Ray Bradbury can go ahead and start rolling over in his grave pretty much right away: a committee of parents, teachers, and administrators in the Davis County district in Utah have voted to restrict access to the book In Our Mothers’ House (yes, that apostrophe is correct, it’s about a family with two mothers). This in itself is not unusual; books are challenged all the time, and sometimes moved (from the children’s section to young adult, or from YA to adult, or behind the counter, as in this case).
However, the district has taken the additional step of asking librarians to pull other titles that may cause controversy. (And Tango Makes Three, a picture book based on a true story of two male penguins at the Central Park Zoo who hatched a chick from an egg and raised it together, is likely next.) McCarthyism, anyone?
It’s easy to get outraged against censorship; there are hundreds, if not thousands, of eloquent examples in print and on the web. (Here’s a defense of In Our Mothers’ House in The Salt Lake Tribune.) But let us take a step back and consider the purpose and mission of the library. How do these “controversial” books appear on library shelves in the first place, and why should they stay there despite strenuous objection from community members?
Most libraries have a collection development policy: guidelines for what kinds of materials the library ought to have in order to serve its community. Different libraries may choose to allocate their resources in different ways, but most public libraries aim to provide a broad range of materials – educational, recreational, and cultural – for people of every age, socioeconomic status, race, religion, political affiliation, and sexual orientation.
Our collection development policy states, “The…community includes people from diverse educational, cultural and economic backgrounds displaying a wide variety of interests, needs, values, viewpoints and occupations.” It continues, “The library has the obligation not only to serve its current users but also to search for materials and methods that will meet the needs of new members of the community and those who have not been traditional library users.”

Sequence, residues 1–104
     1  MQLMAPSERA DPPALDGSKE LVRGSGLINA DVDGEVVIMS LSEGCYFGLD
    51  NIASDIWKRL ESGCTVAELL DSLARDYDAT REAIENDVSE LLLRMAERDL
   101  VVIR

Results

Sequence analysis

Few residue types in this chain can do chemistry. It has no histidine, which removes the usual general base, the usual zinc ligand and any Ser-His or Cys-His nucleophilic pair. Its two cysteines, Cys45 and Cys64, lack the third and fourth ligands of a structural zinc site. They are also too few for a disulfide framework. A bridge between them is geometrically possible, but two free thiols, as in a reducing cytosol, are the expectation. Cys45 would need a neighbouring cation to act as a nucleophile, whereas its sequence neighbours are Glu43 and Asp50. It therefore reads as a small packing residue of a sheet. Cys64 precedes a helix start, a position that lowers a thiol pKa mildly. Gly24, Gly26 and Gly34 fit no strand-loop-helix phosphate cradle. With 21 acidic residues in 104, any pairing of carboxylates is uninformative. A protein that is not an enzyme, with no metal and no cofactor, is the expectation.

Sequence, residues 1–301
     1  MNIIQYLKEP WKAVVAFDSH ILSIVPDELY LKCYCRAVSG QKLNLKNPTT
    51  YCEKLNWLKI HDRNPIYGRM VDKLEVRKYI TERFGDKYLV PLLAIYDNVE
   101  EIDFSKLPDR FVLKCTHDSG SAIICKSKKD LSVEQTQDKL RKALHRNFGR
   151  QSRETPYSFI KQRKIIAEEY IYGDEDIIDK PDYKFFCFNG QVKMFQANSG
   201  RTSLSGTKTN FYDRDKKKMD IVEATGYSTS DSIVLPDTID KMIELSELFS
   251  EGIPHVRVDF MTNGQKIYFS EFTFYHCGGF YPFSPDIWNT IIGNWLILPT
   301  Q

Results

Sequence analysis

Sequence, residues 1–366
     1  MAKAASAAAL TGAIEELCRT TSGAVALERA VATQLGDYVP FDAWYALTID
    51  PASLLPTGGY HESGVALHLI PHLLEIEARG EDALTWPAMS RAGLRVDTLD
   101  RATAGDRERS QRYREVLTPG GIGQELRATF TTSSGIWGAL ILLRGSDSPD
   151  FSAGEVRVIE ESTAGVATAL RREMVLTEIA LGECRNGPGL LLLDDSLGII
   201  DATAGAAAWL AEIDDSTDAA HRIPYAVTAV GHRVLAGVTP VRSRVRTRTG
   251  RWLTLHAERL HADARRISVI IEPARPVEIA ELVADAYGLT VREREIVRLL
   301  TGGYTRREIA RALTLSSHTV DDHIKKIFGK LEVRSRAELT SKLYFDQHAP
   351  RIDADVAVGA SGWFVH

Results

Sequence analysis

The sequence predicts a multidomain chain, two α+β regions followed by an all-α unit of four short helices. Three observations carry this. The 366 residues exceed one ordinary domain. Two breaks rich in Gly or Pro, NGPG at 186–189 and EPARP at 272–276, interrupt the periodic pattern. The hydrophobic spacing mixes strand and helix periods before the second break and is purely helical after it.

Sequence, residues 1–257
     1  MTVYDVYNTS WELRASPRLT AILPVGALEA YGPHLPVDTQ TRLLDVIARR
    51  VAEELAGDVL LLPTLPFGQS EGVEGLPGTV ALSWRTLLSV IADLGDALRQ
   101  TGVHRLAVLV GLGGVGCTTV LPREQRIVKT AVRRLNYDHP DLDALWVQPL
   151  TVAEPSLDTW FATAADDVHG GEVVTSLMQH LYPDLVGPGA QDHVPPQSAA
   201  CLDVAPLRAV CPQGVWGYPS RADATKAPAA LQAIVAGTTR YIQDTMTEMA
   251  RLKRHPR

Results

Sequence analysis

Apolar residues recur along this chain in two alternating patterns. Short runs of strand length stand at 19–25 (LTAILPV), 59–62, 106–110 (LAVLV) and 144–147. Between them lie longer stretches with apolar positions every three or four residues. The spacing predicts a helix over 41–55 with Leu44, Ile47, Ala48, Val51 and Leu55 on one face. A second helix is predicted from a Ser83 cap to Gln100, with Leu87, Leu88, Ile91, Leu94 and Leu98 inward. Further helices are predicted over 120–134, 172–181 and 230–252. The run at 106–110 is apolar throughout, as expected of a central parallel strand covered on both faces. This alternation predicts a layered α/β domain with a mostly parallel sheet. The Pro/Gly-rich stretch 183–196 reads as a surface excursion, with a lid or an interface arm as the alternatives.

The library is, or should be, an inclusive place. It should be a safe space. If parents want control over what their children are reading, that is perfectly within their rights – but exercising control over what everyone else’s children are reading is most definitely not.
Librarians are advocates for everyone in their communities. We are advocates for equal access to information. It is our responsibility to make sure that there are materials for everyone. (The Utah librarians who added In Our Mothers’ House to the school library collection did so in part because a child in the elementary school has two mothers.) As one librarian said, at a panel at MLA, “If you have to come up with a reason not to buy something, that’s when you should add it to your collection.” We are in the business of selection, not censorship.
If a library had plenty of books for adults but none for children, someone would object. If a library had a hundred books about Christianity but none about Buddhism, someone would object. If a library collected books by and about Republicans but not Democrats, someone would object. A balanced collection includes materials for and from many points of view – an increasingly rare thing in a world where most news sources are slanted, and only offer one viewpoint.
If history is any indication, there will always be people who want to censor books. There will also always be people who defend them.